By Sahar Moussa
Have you or a family member ever been in a situation where a donation of an organ, blood, or even money has saved your life? Lebanese philosopher and poet Gibran Kahlil Gibran said, “You give but little when you give of your possessions. It is when you give of yourself that you truly give.” To be honest, I did not know how important donation is until my father was hospitalized in Lebanon – and he needed blood urgently. It was because of family members and strangers that my father’s life was saved, and for this, I will always be grateful.
In Islam, donating money to charity is considered a great virtue. Not only money, even a very small act of kindness can be considered a charity. Prophet Mohamed (PBUH) said, “Your smile to your brother is a charity. Your removal of stones, thorns or bones from the paths of people is a charity. To act justly between two people is a charity. To help a man with his mount, lifting him onto it or hoisting up his belongings onto it, is a charity and a good word is a charity.” (Al-Bukhari, Muslim)
As for organ donation, it is a ‘special gift’ to help another person who needs a transplant to live. One organ donor can save up to eight lives. In my opinion, organ donation is the greatest gift; it is selfless, noble and self-sacrifice anyone can give whether they are alive or dead. An organ could be someone’s missing piece. When you die, your organs could help someone to stay alive.
Kuwait’s law prohibits the trafficking of human organs, but allows free organ donation. Organ transplant is a very successful treatment for patients with end-stage organ failure. However, it does rely on human compassion. In the past two decades, Muslim scholars from around the world have convened to discuss the permissibility of organ donation. Most sharia councils have concluded that organ donation is allowed, and indeed recommended in Islam. Most scholars hold the opinion that organ donation is permissible given the following conditions:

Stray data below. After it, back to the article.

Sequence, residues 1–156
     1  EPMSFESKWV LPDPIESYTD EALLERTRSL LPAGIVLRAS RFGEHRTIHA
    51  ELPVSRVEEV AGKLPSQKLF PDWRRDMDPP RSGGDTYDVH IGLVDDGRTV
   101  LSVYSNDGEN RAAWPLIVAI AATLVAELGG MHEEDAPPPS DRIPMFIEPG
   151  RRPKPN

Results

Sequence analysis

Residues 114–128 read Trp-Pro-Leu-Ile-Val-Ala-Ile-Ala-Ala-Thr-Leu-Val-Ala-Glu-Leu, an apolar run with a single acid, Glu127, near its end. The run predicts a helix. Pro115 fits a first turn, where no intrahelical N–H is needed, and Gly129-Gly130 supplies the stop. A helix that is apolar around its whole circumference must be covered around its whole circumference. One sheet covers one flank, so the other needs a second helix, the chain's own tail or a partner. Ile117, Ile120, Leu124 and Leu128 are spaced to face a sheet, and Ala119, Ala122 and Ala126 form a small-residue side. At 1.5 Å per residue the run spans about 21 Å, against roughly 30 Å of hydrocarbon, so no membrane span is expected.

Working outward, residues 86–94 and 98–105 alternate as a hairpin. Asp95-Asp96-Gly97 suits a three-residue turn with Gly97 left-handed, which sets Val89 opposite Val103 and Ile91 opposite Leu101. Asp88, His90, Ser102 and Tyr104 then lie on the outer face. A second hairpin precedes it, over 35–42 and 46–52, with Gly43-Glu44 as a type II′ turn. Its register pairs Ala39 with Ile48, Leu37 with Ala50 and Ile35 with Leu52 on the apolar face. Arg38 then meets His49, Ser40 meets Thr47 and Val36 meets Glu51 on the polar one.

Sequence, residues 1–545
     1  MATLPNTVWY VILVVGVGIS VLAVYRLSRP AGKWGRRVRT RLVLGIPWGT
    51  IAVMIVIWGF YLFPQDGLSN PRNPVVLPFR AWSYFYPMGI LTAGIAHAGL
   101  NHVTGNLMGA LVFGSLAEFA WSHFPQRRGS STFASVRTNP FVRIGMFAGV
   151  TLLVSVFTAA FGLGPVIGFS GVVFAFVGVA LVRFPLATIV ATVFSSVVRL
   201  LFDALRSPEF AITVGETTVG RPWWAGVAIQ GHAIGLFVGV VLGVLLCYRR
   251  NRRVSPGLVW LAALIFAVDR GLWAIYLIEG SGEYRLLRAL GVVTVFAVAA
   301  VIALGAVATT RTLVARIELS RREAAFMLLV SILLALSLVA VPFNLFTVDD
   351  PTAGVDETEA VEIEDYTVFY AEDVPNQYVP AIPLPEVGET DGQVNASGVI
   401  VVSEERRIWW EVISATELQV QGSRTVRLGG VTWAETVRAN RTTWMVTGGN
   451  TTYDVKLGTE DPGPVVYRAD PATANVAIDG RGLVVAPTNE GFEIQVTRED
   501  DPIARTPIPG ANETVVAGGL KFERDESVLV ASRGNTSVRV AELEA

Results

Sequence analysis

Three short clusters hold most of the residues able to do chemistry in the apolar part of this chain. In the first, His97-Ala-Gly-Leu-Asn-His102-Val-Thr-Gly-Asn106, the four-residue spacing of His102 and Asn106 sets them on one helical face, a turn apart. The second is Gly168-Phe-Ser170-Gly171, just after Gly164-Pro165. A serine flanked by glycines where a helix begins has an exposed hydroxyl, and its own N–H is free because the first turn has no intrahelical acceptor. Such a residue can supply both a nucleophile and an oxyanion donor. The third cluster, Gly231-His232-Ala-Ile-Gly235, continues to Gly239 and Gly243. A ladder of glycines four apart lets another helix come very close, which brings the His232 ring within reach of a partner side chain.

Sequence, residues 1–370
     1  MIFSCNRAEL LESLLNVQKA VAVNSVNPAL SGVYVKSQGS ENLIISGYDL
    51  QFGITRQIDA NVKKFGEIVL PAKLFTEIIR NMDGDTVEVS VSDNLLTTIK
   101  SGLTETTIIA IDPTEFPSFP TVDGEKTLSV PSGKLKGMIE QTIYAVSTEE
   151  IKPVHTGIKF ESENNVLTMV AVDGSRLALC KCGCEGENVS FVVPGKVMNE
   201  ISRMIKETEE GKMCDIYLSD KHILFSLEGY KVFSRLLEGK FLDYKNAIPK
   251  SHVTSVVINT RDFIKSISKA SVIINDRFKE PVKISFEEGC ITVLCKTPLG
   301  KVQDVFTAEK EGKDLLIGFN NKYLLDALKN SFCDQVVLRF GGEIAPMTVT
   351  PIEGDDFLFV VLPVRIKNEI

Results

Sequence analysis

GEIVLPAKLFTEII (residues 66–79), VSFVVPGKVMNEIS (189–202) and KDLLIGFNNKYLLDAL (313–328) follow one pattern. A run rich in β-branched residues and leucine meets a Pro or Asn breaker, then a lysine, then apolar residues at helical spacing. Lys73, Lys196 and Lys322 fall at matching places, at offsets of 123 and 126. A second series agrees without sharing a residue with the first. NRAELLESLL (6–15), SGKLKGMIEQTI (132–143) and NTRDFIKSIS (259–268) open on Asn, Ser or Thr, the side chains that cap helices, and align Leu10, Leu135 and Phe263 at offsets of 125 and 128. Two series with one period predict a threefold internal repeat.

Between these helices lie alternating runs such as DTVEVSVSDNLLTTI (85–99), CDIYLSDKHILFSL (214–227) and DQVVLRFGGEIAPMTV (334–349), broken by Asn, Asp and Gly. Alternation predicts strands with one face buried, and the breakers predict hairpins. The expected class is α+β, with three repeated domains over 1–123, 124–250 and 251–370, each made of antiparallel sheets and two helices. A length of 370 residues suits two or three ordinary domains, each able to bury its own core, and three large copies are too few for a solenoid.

1. The donor is not harmed by the donation.
2. The recipient requires the organ in order to live or to perform an essential function.
3. The donor’s body, whether living or dead, is respected and treated with dignity.
4. The donor gives his or her organs freely.
5. The organs are not bought or sold.
I personally believe that everybody has an obligation towards one another and people should stand by each other and help in any way they can. In any donation, be sure that it is serving justice, balance and kindness for the good of the society.
If you are willing to be an organ donor, you can go to Kuwait Transplant Society in Al-Rawdah, Block 3, Abu Hayan Al-Tawhidi Street, Avenue 37, House 18. There, you can fill in the membership donation form and pick up the donation card at the same time. For more information, you can contact the association on the following numbers:
We should know by now that every individual’s act matters, and if you decide to become a registered organ donor, know that by doing so, you can make a huge impact, a big difference and most importantly, you can save lives.